BMW AG will invest in the 110-year-old plant where the Mini brand originated to make electric models, tapping the UK government for support in the fight to prop up the country’s car industry.
(Bloomberg) — BMW AG will invest in the 110-year-old plant where the Mini brand originated to make electric models, tapping the UK government for support in the fight to prop up the country’s car industry.
The more than £600 million ($751 million) outlay averts what would have been a disaster for the UK, where car production slumped last year to the lowest since 1956. The Oxford factory employing more than 3,400 people was dealt a setback 11 months ago when BMW announced it was shifting electric Mini output to China.
Any fears that the plant may not continue into the EV age were put to rest Monday. BMW announced that it will make models powered by combustion engines until 2026, when it will add production of next-generation electric Mini Cooper hatchbacks and Aceman crossovers. From 2030 onward, the factory will shift to all-EV production.
While BMW’s moves add to recent momentum for the UK car sector, the country isn’t keeping pace with nations taking more aggressive approaches to industrial policy. The more than £6 billion of investment announced in Britain’s auto industry since 2020 pales in comparison to the $72 billion that companies have earmarked for North America since the US passed the Inflation Reduction Act last year.
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Business Secretary Kemi Badenoch hailed the announcement as proof that the government’s plan for the car sector is working. Stellantis NV started production of electric vans at its factory in Ellesmere Port last week, while Jaguar Land Rover owner Tata Group announced plans in July for a £4 billion UK battery plant that will start supplying cells in 2026.
Badenoch declined to say how much money the government will kick in to support BMW’s investment. The Financial Times reported that the project will be backed with about £75 million of taxpayer funds, citing unidentified people familiar with the matter.
“We do provide some subsidy — a very light subsidy — in the auto industry because it faces so much difficulty, and some of that is regulatory,” Badenoch said. “If we’re asking manufacturers to transition to net zero, that creates additional costs, so we do have to factor that in. As much as I would love it to be so, the global auto industry is not a pure free-trade market.”
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BMW started building electric Mini hatchbacks in Oxford in 2019 alongside combustion cars. At its hometown auto show in Munich last week, the automaker unveiled the next-generation Mini Cooper built off a dedicated EV platform co-developed with Chinese partner Great Wall Motor Co.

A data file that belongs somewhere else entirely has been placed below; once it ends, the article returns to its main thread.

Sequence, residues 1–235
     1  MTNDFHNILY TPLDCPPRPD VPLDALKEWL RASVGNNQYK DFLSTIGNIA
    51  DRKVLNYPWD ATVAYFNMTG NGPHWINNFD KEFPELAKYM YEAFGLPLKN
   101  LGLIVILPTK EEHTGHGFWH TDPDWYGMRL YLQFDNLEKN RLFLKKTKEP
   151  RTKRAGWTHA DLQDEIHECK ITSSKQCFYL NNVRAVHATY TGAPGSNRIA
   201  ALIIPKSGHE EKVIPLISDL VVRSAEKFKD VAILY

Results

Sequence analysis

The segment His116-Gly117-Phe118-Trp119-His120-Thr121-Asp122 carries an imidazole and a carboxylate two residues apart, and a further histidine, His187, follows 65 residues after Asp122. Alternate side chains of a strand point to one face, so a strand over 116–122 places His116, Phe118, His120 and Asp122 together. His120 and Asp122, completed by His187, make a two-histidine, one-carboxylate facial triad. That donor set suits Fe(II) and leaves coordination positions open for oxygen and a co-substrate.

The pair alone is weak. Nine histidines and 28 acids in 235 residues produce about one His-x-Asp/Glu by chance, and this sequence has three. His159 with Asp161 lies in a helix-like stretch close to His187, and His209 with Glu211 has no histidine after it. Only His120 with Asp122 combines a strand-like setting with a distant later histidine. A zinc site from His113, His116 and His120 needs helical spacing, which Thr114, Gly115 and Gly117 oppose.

Had BMW opted to keep electric Mini production limited to China, it would have been a serious blow to the UK, where car production has fallen by half since the 2016 Brexit referendum. The Society of Motor Manufacturers and Traders — the industry’s lobby group — has said high energy costs are the biggest obstacle to the sector mounting a comeback.
“Energy cost is something where you need to be very careful — for our manufacturing, but even more for the battery manufacturing,” Milan Nedeljković, BMW’s production chief, told reporters at the Oxford plant. “And we are not competitive — in Europe, in UK.”
BMW will nonetheless bolster its presence in the UK, despite those challenges and ongoing regulatory and trade uncertainty.
Prime Minister Rishi Sunak’s government has been trying to delay Brexit rules requiring EVs shipped back and forth between the UK and European Union to have enough local content to avoid 10% tariffs. Automakers expect to come up short of these rules of origin — which take effect next year and will be stricter in 2027 — because much of the battery supply chain is still concentrated in China.
“The point which we make, and which auto manufacturers are also making, is that this will only benefit Chinese companies if we are putting tariffs on each other’s products,” Badenoch said.
The other headache for the industry has been the dearth of details regarding the UK’s zero-emission vehicle mandate, due to take effect in January. The government is still analyzing feedback elicited from a consultation that ended in May, and carmakers are sweating their ability to meet whatever targets are set for next year, given the cost-of-living crisis, high energy prices, reduced government incentives and slow installation of charging stations.
While battery-electric vehicles have been on the rise, with registrations soaring 72% last month, overall sales growth has been driven almost entirely by fleets and businesses.
(Updates with support from government in the sixth paragraph.)
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